by Jerome Taylor
Shares in Xiaomi collapsed on Friday after the United States blacklisted the smartphone giant and a host of other Chinese firms as the Trump administration aims to cement its trade war legacy against Beijing.
The flurry of last-minute blacklistings is the coda to four years of aggressive diplomatic and trade policies towards rival China under President Donald Trump.
With just six days to go before Trump leaves office, US officials made a series of announcements targeting Chinese firms including state oil giant CNOOC, Xiaomi and embattled social media favourite TikTok.
Xiaomi — which overtook Apple last year to become the world’s third-largest smartphone manufacturer — was one of nine new firms classified by the Pentagon as “Communist Chinese military companies”.
The action means US investors will be unable to purchase Xiaomi securities and will ultimately have to divest down the line unless the order is overturned by the incoming presidency of Joe Biden.
Xiaomi is one of the biggest companies to be blacklisted so far and its shares plunged 11 percent in Hong Kong on Friday after the announcement. US chip giant Qualcomm is a major investor.
In a statement, the Department of Defense said it was “determined to highlight and counter the People’s Republic of China’s military-civil fusion development strategy” that allowed it to access key technology and security data.
Similar actions have been made by the US against other tech firms including Huawei and chip giant SMIC, hobbling their ability to import key technology and compete internationally.
‘Reckless and belligerent’
Trump issued an executive order in November banning Americans from investing in Chinese companies deemed to be supplying or supporting the country’s military and security apparatus, earning a sharp rebuke from Beijing.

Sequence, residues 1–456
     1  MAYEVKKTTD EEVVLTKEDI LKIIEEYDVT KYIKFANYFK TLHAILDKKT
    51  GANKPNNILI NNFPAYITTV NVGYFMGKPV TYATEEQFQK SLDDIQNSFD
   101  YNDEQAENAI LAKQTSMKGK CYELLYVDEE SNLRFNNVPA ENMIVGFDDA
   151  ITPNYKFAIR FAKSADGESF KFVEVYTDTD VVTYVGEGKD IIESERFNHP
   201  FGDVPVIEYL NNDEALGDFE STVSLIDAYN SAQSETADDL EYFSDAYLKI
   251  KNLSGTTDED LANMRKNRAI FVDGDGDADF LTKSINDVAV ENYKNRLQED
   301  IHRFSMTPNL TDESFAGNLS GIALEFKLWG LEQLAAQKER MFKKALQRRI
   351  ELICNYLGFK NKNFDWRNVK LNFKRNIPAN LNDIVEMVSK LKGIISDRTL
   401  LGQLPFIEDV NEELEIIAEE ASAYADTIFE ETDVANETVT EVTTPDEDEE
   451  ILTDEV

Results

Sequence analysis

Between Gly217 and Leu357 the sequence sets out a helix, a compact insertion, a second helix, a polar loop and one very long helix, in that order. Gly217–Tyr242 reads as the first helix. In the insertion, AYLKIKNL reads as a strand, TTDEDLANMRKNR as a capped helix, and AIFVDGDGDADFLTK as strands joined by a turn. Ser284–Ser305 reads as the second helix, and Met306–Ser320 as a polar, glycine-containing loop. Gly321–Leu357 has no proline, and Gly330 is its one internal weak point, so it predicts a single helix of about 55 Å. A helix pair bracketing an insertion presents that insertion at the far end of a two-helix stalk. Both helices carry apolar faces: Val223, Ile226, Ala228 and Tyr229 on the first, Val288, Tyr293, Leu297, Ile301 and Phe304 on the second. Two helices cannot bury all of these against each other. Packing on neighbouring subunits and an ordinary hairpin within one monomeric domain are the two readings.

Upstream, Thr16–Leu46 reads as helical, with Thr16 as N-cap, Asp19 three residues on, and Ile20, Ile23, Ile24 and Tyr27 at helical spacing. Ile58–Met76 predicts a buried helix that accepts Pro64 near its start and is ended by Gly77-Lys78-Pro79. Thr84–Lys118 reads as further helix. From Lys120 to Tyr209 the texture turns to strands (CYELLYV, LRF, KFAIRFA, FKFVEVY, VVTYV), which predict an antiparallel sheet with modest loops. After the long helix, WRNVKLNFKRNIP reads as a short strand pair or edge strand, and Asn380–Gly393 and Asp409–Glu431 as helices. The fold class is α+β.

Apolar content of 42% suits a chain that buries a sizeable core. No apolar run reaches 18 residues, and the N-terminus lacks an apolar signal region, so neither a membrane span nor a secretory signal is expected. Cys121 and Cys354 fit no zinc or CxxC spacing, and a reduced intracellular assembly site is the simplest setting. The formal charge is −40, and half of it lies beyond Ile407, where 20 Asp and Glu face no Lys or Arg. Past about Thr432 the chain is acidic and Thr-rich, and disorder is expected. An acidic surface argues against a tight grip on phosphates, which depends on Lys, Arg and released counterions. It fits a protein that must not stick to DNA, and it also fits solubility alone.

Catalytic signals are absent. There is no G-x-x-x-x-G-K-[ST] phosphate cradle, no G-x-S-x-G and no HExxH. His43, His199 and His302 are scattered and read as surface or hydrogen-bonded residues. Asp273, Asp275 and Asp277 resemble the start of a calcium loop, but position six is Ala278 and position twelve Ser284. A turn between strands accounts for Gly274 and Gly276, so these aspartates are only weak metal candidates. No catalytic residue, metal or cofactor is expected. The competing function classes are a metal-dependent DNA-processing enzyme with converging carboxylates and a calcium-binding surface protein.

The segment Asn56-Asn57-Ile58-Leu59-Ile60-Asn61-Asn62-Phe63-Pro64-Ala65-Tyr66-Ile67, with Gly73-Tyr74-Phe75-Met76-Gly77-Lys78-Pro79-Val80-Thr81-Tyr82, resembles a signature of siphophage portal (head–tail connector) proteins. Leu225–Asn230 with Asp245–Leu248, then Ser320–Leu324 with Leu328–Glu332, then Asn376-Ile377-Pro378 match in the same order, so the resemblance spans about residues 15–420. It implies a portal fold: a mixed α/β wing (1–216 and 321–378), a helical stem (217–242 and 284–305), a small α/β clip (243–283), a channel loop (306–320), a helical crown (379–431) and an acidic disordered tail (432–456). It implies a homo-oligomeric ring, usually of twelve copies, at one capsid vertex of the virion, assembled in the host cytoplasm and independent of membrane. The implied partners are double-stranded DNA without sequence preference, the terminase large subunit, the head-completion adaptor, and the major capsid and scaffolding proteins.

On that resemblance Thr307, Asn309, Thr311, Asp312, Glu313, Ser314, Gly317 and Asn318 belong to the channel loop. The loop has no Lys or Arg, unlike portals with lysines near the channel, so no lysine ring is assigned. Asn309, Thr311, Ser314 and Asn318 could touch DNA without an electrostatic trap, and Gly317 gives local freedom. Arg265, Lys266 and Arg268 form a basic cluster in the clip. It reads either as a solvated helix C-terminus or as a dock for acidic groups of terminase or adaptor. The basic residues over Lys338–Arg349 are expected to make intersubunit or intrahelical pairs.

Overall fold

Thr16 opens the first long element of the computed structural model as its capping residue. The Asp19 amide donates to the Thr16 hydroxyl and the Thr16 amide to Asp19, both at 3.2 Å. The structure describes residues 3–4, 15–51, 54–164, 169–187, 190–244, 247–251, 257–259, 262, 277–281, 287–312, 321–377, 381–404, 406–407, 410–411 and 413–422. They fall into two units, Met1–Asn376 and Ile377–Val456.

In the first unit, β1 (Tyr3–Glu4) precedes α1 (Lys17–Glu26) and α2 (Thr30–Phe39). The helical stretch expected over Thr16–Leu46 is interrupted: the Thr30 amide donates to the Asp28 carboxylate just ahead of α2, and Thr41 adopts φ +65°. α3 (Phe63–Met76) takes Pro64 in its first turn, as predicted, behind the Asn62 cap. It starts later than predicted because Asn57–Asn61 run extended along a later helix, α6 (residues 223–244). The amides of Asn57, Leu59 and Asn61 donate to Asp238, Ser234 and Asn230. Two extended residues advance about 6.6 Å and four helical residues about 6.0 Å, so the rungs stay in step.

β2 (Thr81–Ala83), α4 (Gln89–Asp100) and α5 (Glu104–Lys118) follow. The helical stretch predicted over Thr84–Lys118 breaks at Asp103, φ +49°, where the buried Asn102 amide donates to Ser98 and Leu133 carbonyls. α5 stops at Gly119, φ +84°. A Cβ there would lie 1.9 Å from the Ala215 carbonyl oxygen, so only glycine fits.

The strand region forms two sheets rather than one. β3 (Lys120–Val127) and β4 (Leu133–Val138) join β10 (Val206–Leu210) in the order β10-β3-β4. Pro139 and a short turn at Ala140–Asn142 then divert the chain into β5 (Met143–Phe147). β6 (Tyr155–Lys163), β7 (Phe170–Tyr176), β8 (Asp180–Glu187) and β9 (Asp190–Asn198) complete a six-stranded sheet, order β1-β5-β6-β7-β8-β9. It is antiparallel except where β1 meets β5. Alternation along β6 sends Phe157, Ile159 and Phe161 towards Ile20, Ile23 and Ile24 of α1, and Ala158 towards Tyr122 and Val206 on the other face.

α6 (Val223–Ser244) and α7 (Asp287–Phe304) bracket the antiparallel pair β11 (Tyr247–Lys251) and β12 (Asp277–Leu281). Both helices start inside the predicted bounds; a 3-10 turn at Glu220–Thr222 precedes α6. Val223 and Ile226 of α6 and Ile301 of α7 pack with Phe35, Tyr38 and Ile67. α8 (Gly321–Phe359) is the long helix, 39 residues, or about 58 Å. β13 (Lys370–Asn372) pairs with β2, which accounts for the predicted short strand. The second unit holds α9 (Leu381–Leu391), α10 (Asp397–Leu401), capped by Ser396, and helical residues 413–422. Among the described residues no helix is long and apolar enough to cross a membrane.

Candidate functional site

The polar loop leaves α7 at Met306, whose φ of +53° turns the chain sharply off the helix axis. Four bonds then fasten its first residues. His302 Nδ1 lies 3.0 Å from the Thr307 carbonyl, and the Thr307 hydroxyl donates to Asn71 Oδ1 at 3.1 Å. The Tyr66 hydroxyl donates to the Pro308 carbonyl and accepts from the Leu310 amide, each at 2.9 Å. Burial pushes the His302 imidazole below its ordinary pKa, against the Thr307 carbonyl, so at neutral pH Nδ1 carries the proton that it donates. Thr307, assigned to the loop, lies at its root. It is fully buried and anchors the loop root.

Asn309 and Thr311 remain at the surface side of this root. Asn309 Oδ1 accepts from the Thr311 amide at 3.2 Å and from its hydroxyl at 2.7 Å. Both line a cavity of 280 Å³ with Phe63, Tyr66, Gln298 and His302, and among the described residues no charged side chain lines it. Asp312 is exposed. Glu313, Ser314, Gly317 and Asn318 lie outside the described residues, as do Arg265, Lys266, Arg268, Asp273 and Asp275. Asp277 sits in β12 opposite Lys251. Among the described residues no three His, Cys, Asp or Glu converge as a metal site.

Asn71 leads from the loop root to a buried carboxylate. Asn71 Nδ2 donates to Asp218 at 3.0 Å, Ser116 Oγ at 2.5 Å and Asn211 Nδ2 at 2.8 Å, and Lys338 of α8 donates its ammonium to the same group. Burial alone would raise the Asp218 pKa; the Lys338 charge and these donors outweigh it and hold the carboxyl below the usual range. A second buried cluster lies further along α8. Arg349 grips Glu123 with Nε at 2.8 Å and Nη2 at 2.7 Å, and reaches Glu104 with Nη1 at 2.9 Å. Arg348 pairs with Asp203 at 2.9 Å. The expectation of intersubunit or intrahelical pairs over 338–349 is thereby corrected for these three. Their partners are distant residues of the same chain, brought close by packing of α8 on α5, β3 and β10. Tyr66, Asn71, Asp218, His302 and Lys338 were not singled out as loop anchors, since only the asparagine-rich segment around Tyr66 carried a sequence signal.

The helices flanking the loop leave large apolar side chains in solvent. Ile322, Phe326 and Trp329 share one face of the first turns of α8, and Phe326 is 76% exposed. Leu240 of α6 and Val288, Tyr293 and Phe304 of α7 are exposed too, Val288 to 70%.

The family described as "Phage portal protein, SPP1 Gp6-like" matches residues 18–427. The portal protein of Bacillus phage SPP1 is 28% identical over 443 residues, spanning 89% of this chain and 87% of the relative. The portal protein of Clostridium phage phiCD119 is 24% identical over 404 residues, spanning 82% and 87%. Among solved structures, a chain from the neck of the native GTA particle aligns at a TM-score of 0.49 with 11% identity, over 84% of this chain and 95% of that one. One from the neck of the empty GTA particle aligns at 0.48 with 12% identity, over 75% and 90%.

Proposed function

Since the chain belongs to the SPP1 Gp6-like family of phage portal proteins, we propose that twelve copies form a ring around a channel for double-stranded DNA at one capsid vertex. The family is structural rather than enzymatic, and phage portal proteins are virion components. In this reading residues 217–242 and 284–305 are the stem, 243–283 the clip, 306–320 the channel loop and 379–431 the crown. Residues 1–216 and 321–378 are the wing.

Earlier this month the New York Stock Exchange said it was delisting three state-owned Chinese telecoms giants to comply with the order.
The Commerce Department also released a separate banned entity list on Thursday targeting companies such as CNOOC and deep-water explorer Skyrison, which develops military equipment.
That makes it extremely difficult for US firms to export products or technology to those companies without a hard-to-obtain licence.
Commerce Secretary Wilbur Ross said CNOOC had been listed because of “reckless and belligerent actions in the South China Sea and its aggressive push to acquire sensitive intellectual property and technology for its militarization efforts”.
“CNOOC acts a bully for the People’s Liberation Army to intimidate China’s neighbors, and the Chinese military continues to benefit from government civil-military fusion policies for malign purposes,” Ross said.
New tech rules ‘adversaries’
Territorial disputes in the South China Sea have festered for years, with Beijing ignoring US protests as it built a series of artificial islands to expand its military and commercial reach in the region, that is believed to have valuable oil and gas deposits — which Washington values at $2.5 trillion.
China claims nearly all of the South China Sea, including the Spratly Islands, though Taiwan, the Philippines, Brunei, Malaysia and Vietnam all claim parts of it.
“CNOOC has repeatedly harassed and threatened offshore oil and gas exploration and extraction in the South China Sea, with the goal of driving up the political risk for interested foreign partners, including Vietnam,” the Commerce Department said.
CNOOC’s share price was unaffected by the news on Friday, trading up 0.12 percent in Hong Kong.
Meanwhile, the Commerce Department also announced new rules for trading in technology and communications equipment with “foreign adversaries” including China, Russia, Iran, North Korea, Cuba and Venezuela.
The rule, to be published Friday, will take effect in 60 days. Officials said it was decided after careful review with the private sector, and published with the hope the incoming Biden administration would keep the policies in place.
The aim is to protect against data and national security vulnerabilities in software and hardware, and would outline a six-month review process before any ban would be implemented.
A senior administration official confirmed the new rule would apply to TikTok, the video app that Trump banned from operating in the United States.